Apple and Google are releasing their much-anticipated “exposure notification” technology to help global health authorities track the coronavirus pandemic. Governments around the world can now use the technology in their own contact tracing apps, subject to approval by the two tech giants.
Contact tracing—tracking down those who may have been exposed to an infectious person—is an important and proven strategy that scientists have used to successfully fight outbreaks ranging from Ebola to HIV. In the last few months, many countries have been working to use various technologies, including mobile-phone apps, to try to keep up with the scale and speed of the pandemic.
Over two dozen countries have already released their own contact tracing apps, but the Apple-Google release is expected to dramatically accelerate the process: their partnership means almost all smartphones worldwide will be able to detect each other and share information about potential exposure to the disease. Countries developing their own systems have run into both technical and civil liberties problems that the Silicon Valley project hopes to address.
Apple and Google said that 22 national governments on five continents, as well as several American states, are being granted access to the API today. There are billions of people in the participating countries, but some of the notable omissions include France, which has locked horns with the tech companies over how their API works, and the United Kingdom, which is still figuring out if it will use the Apple-Google system in its own efforts.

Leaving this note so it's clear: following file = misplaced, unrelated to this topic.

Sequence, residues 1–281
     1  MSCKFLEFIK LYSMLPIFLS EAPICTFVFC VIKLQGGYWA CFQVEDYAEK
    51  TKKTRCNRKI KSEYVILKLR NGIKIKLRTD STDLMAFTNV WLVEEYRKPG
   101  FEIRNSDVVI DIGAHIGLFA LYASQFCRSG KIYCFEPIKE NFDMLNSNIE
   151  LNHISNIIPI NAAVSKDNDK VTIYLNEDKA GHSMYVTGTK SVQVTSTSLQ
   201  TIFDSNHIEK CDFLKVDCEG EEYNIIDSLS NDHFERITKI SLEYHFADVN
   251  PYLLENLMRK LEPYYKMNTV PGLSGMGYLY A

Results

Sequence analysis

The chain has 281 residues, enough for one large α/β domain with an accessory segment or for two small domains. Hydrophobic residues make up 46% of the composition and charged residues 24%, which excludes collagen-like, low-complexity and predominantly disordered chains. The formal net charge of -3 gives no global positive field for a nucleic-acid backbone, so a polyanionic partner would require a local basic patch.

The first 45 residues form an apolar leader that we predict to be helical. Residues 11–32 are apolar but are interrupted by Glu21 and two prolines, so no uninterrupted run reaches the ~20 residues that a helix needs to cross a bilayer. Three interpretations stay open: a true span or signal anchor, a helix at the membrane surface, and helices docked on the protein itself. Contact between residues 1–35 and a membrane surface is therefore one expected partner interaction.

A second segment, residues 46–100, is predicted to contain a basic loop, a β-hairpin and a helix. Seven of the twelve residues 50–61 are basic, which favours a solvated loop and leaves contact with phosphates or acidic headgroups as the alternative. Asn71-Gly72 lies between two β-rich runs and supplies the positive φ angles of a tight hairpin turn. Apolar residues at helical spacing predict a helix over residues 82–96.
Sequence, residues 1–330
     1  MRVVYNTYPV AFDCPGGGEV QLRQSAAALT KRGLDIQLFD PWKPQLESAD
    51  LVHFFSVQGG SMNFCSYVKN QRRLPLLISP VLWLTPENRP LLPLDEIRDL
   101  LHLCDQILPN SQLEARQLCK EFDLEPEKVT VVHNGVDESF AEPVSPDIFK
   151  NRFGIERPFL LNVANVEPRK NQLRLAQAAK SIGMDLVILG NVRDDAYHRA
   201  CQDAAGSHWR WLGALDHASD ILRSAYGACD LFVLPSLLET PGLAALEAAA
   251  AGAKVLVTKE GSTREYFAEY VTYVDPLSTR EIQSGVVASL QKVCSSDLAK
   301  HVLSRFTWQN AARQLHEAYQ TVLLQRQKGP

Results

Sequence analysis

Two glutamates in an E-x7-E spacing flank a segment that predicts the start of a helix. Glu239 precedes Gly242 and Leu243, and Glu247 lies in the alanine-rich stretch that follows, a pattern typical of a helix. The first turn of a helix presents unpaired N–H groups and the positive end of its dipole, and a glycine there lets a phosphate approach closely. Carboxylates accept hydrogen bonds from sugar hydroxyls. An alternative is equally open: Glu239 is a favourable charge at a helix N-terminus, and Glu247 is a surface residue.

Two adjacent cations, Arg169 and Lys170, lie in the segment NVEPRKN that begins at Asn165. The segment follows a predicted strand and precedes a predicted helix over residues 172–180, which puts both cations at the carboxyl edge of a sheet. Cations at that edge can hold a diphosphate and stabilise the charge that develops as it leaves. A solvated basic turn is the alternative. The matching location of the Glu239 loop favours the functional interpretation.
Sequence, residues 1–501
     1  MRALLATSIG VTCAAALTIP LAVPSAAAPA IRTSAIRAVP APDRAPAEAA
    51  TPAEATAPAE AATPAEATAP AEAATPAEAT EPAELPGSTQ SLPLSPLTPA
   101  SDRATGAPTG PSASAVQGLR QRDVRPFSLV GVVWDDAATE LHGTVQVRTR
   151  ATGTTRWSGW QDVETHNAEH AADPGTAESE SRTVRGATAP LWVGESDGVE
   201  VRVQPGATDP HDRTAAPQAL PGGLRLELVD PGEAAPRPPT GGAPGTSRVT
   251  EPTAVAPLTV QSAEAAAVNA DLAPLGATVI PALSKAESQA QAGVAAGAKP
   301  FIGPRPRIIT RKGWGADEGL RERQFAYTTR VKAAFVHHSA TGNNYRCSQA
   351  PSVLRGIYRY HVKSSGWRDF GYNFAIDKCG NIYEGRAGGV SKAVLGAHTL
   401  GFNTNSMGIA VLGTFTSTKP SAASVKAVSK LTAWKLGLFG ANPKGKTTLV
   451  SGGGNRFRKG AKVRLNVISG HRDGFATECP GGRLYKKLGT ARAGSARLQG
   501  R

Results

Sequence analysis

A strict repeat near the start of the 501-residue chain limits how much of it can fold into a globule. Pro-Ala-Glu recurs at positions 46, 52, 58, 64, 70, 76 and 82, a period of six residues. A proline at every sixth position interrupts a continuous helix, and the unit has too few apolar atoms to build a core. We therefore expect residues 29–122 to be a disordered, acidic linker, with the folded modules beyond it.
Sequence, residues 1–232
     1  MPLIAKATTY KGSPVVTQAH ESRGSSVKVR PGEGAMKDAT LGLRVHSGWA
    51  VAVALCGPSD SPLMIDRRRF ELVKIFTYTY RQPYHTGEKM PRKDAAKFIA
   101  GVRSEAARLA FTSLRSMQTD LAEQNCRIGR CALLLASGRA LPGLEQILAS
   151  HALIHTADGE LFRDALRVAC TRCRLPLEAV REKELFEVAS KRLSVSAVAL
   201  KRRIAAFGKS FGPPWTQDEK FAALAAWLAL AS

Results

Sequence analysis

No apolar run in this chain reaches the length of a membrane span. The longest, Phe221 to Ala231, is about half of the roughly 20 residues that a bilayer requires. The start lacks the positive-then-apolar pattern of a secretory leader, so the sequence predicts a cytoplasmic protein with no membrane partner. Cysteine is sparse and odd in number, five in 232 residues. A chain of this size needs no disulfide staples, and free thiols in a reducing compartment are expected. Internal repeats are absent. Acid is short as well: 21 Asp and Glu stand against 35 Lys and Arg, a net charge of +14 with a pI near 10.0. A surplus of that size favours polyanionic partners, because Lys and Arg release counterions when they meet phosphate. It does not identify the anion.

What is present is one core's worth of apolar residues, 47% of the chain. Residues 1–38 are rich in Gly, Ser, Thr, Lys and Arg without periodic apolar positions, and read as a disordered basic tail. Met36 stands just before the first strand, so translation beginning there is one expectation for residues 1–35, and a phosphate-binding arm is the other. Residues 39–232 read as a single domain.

This technology has provided an illustration of the power and reach of Silicon Valley during a global crisis. Even as authorities in Europe, Asia, and North America pushed Apple and Google to allow location tracking or to build a centralized system, the companies played hardball and won. They built a privacy-first decentralized tracing system that requires multiple layers of consent, uses Bluetooth signals instead of location tracking, and is intended to be more reliable for people with older phones.
“What we’ve built is not an app — rather, public health agencies will incorporate the API into their own apps that people install,” Apple and Google said in a statement today. “Our technology is designed to make these apps work better. Each user gets to decide whether or not to opt in to exposure notifications; the system does not collect or use location from the device; and if a person is diagnosed with covid-19, it is up to them whether or not to report that in the public health app. User adoption is key to success, and we believe that these strong privacy protections are also the best way to encourage use of these apps.”
Both companies say that as the pandemic ends in different countries, they will shut the tracing technology down.
Such technology may help tackle the scale of the pandemic and be part of a process for reopening economies around the world, but epidemiologists and technologists broadly agree that there is no way apps can solve or even lead on this problem alone. Contact tracing typically requires real human beings to do much of the hard work. Experts say America will need over 100,000 tracers for the effort.
South Africa’s private surveillance machine is fueling a digital apartheid
As firms have dumped their AI technologies into the country, it’s created a blueprint for how to surveil citizens and serves as a warning to the world.
A quick guide to the most important AI law you’ve never heard of
The European Union is planning new legislation aimed at curbing the worst harms associated with artificial intelligence.
Inside the fierce, messy fight over “healthy” sugar tech
Yi-Heng “Percival” Zhang was a leader in rare sugar research. Then things got sticky.
The secret police: Inside the app Minnesota police used to collect data on journalists at protests
Intrepid Response is a little-known but powerful app that lets police quickly upload and share information across agencies. But what happens to the information it collects?
Get the latest updates from
MIT Technology Review
Discover special offers, top stories, upcoming events, and more.